Sunday, November 10, 2013

"Define worse": 7 notes on Thor: The Dark World and its villainous elves

1) In comparison to last year's witty, winning The Avengers, Thor: The Dark World has a perfunctory air as if the people at Marvel studios sulkily churned out what little they could under the commercial obligation of maintaining the Thor brand (I prefer Captain America). The result is hallucinatory but campy, leaving me wondering where I've seen such tropes like multiple realm convergences (Tomb Raider?) and villainous elves before. We get planets like Vanaheim, where the frost monsters dwell, and Svartalfheim where the abandoned husks of Dark Elf spaceships lie scattered about the barren plains under brooding shadows. At least the names are creative.

2) Many years ago, in the fairy tale beginnings of Asgard, Dark Elf Malekith the Accursed (a very pale Christopher Eccleston with blonde hair extensions) and his lieutenant Algrim vow revenge after the Asgardians place his beloved Aether under a stone column (as some Asgardian says, "Bury it deep"). The Aether is a powerful but a vague substance suitable for overthrowing the Nine Realms, a kind of red tendrilly CGI murk, good for any nefarious purpose or plot point.

3) Thor (Chris Hemsworth) still has his red cape, a bulky physique, and a cute little hammer. Just as vampire Edward loves his mortal Bella Swan, Thor has a weak spot for Jane Foster (Natalie Portman) who has an infinitesimally brief life expectancy in comparison to his mighty self who can live for 5000 years. Thus, Thor's love for Jane is roughly equivalent to a human falling in love with a comely mosquito.

4) Meanwhile, in the abandoned-warehouse outskirts of London, Jane falls asleep after a leaf-strewn portal sucks her to some indeterminate metaphysical place where it just so happens that the Aether penetrates her flesh and makes her glow reddishly. Did the Aether somehow know that she loves Thor? Soon, Jane finds that she has the otherworldly power of blowing up any guards who may otherwise impinge upon her space later when she visits Asgard. As an ordinary human, it helps to have something to make Jane stand out amongst the proud warrior Asgardians who only vaguely resemble Norse mythological figures.

5) As part of his Dark Elf skullduggery, Malekith stabs Algrim with a dagger and then sticks a red Aether lava rock in the wound. This procedure causes Algrim to writhe and turn into molten lava with super powers. Wearing a rhino/Minotaur/bull mask on his head for dramatic effect, Algrim then frees the enemy warriors from their dungeon in the depths of Asgard, thus wreaking havoc on King Odin (a perpetually bemused Anthony Hopkins with a gold eye patch) and his warrior God kingdom. It's always something.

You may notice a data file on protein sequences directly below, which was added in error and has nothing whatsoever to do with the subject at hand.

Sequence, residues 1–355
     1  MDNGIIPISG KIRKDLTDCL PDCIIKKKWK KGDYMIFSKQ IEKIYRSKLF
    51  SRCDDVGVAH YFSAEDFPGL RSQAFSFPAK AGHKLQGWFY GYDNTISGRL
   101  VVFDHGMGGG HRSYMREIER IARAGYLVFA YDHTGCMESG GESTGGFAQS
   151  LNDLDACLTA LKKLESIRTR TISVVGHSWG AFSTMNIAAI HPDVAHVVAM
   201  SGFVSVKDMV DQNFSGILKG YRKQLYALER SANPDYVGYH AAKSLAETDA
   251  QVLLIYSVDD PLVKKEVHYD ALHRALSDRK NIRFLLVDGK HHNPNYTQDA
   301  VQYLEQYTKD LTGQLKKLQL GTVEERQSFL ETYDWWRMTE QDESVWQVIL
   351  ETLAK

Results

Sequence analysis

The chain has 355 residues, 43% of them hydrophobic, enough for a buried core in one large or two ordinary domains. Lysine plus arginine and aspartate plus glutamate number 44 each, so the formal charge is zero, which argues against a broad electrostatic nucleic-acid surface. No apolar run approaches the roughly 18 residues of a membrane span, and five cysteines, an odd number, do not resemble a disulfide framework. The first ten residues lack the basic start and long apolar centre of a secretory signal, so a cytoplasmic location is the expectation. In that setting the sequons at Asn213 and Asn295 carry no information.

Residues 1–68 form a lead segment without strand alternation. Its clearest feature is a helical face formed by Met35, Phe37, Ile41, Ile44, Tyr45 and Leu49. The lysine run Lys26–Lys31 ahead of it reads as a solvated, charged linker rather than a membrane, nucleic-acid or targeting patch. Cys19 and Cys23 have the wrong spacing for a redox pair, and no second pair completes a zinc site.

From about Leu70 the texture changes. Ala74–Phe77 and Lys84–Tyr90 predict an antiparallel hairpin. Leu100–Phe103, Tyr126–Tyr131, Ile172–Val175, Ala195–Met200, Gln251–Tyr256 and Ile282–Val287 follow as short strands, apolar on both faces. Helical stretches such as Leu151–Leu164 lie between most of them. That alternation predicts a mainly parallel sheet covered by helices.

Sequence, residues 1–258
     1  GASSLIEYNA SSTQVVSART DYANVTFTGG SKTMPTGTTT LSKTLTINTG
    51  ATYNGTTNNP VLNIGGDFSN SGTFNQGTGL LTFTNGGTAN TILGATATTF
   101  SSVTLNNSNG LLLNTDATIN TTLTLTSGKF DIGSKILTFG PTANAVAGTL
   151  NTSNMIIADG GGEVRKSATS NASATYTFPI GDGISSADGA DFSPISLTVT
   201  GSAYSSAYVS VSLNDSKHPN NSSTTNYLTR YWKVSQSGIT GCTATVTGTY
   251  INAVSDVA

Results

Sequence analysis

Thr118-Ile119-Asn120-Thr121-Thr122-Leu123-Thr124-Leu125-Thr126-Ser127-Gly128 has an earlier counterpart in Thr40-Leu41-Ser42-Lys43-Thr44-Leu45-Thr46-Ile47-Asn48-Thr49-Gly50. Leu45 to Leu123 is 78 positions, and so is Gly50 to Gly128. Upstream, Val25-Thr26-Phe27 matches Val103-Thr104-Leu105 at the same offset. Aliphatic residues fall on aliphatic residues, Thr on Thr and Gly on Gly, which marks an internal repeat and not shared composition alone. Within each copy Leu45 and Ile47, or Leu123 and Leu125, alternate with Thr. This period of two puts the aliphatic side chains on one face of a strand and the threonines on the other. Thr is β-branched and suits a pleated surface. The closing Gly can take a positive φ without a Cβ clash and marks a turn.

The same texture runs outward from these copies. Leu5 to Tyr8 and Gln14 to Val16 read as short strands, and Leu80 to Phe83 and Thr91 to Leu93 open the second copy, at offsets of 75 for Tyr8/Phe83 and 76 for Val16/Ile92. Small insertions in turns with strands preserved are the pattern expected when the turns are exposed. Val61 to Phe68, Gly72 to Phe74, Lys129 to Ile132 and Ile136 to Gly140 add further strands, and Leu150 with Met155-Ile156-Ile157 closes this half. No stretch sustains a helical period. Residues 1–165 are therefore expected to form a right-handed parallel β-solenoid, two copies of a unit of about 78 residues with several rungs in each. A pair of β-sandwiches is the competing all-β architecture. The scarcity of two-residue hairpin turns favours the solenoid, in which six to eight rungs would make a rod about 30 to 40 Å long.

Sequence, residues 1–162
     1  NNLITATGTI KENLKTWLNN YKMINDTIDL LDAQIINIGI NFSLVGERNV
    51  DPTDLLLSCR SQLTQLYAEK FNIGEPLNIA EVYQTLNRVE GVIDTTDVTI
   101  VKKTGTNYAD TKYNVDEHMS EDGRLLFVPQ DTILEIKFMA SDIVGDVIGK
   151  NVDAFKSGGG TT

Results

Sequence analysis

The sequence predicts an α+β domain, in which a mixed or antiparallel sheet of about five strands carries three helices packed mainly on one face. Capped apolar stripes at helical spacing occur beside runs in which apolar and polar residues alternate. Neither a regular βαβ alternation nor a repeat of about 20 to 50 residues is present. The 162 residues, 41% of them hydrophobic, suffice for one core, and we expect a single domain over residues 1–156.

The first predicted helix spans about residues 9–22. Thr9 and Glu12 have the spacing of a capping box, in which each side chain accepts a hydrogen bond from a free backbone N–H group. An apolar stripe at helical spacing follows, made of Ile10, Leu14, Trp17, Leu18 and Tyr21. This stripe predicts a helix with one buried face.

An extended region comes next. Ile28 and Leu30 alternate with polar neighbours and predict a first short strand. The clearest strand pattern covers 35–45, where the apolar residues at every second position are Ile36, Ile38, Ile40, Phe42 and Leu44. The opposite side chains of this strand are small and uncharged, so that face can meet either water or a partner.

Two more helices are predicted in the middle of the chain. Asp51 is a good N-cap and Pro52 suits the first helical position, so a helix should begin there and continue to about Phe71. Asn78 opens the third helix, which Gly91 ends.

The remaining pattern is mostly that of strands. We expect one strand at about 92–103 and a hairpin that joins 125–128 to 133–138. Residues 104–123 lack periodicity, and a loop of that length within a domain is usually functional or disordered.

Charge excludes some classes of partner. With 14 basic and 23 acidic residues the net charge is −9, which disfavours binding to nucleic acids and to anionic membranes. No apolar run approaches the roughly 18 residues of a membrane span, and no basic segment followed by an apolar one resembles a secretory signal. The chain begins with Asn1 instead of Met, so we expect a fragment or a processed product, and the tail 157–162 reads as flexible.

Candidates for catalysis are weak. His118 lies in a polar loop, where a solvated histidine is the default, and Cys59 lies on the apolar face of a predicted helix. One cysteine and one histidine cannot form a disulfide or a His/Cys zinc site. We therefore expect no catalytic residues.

6) As the shapeshifter trickster figure Loki, Tom Hiddleston easily dominates Thor: The Dark World because he's subversive and unpredictable in comparison to the monotone Thor and all of his bland Asgardian warrior clan stuck within the limited acting parameters of a Marvel-heroic amber. Somewhat like Iron Man in The Avengers, Loki gets all of the fun lines like "Trust my rage" and "Wanna have a rousing discussion about truth, honor, patriotism?" and "Define worse" and "Satisfaction is not in my nature." Hiddleston cheerfully holds one's attention even when he's just sulking and reading a book in his forcefield-bound dungeon cell.

7) Later in the movie, after the Nine Realms start to Converge (causing CGI circles of different planets, Svartalfheim included, to appear the sky over Greenwich, England, of all places), Thor and the evil elves duke it out underneath a gigantic blade-like elf spaceship (a Harrow) that can disappear when it feels like it. The warriors keep falling in and out of various portals, reappearing in other realms amidst Jotenheim frost monsters, etc. At one point, while still fighting, Thor and Malekith land upon the Gherkin building in London and make a squeaking sound as they slide down the side of the skyscraper, alarming the office workers inside. So does Thor: The Dark World slide out of one's brain as one walks out of the Regal cineplex.

2 comments:

David J Rodriguez said...

Sounds as if Stan the Man & his Marvel-ous scripting cabal mashed a fair amount of Nibelungenlied onto bare-bones Norse nomenclature?

FilmDr said...

That's an interesting connection. A sampling of Wagner and a 16th century German epic poem? I kept thinking that evil elves could also serve a Christmas merchandising tie-in. I couldn't make myself get all that alarmed by the threat of universe-wide elf domination.